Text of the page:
Garmin nuvifone G60 Review

Garmin nuvifone G60 Review

The Garmin nuvifone G60 is a hybrid device, pairing a touchscreen GPS with a 3G wireless phone on AT&T's network. There's nothing fancy here, but it's a solid device that's easy to use and reasonably priced at $200 after rebate with a two-year contract.


The first thing that comes to mind when looking at the G60 is "blocky" -- the overall device is very simple in its design, and very rectangular. It isn't ugly by any means, but it isn't particularly attractive either.

Garmin nuvifone G60The second thing I noticed is that there aren't any buttons on the front -- this is primarily a Touchscreen device.

The power button is on the top, and it doubles as the wake button to bring the screen back to life when you need to use the device. The only other buttons are on the right side, where you'll find the volume controls at the top and the camera button at the bottom.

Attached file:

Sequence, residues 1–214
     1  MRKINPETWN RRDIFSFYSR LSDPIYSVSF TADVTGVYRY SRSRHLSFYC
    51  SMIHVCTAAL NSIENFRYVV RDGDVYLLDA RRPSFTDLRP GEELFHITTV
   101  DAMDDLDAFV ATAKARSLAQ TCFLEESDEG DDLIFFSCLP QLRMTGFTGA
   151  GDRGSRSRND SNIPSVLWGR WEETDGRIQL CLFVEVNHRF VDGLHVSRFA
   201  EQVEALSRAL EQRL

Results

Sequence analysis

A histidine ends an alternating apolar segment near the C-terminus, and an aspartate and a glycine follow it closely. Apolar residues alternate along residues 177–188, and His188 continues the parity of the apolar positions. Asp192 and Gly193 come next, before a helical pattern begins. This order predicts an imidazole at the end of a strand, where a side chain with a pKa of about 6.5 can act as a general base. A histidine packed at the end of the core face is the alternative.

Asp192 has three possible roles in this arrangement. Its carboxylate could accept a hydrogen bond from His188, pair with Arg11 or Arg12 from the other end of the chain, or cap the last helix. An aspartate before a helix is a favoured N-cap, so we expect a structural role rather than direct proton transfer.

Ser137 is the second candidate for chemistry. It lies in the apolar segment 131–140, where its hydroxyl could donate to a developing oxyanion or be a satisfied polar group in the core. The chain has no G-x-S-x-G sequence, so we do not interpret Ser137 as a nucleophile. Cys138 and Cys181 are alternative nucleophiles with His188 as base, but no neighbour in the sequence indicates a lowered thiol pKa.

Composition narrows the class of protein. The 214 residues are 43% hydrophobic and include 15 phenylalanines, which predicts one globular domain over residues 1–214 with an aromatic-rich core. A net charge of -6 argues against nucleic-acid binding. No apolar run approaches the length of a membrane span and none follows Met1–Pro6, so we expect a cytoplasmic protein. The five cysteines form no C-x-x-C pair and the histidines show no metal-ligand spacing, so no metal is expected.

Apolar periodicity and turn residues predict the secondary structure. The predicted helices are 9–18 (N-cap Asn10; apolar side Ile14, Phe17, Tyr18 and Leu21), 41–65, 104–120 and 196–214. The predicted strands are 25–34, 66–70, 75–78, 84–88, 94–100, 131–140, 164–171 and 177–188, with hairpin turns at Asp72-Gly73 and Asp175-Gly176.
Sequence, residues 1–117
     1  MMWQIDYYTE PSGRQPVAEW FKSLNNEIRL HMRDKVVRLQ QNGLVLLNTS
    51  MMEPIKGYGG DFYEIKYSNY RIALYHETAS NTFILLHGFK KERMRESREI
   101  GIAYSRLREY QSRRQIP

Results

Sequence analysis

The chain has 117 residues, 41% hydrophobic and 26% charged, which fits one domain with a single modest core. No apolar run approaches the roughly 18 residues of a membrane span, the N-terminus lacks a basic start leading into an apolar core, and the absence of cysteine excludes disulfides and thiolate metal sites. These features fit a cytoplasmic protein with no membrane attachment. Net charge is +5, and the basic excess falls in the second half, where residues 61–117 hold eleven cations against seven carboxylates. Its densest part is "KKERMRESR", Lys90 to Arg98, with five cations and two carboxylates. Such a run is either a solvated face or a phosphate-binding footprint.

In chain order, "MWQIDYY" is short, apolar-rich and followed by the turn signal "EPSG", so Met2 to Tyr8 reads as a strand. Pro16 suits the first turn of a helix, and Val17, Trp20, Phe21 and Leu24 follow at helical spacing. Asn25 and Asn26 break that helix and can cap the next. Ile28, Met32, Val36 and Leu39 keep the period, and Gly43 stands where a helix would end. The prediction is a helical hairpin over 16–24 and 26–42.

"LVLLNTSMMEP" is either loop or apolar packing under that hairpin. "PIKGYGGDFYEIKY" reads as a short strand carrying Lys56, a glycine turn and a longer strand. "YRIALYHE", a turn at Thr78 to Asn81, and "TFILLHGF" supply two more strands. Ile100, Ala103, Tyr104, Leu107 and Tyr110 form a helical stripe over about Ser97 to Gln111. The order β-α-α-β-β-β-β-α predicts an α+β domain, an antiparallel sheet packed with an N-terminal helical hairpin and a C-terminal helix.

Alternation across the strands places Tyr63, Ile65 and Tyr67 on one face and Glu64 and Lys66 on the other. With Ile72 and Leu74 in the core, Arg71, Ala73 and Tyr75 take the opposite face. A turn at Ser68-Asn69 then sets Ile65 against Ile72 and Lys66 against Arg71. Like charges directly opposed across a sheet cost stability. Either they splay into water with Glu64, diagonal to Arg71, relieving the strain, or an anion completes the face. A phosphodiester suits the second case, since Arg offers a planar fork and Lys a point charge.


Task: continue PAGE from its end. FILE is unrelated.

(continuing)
The microSD card slot, car dock connector, and mini USB charging port are on the left side. The microSD slot is well designed -- it's big enough that you can actually use your finger to insert the card or pop it out; you don't have to hunt around for a letter opener or some other suitably small pointy object to use, which is generally the case with phones that have external card slots.

The G60 is roughly the same height as my iPod Touch, but much narrower and thicker. It's a bit too big to use easily with one hand, though a guy with larger hands probably wouldn't have any issues. It fits fine in a pants pocket, though it does create a noticeable bulge because the sides aren't really rounded or curved in any way.

The 3.5-inch Touchscreen running at 272 by 480 pixels is nice and bright indoors, and while it was harder to see outdoors (especially when wearing sunglasses) I could still use the device. The screen has nice contrast with vibrant colors, but it can wash out a bit in direct sunlight.

The Touchscreen aspect of the display is a bit "mushy", and reminds me a bit of older LCD displays that "ripple" when you touch them. I didn't have any problems with my touches and swipes being misidentified by the device, though. The effect is a little weird, but I got used to it after a while.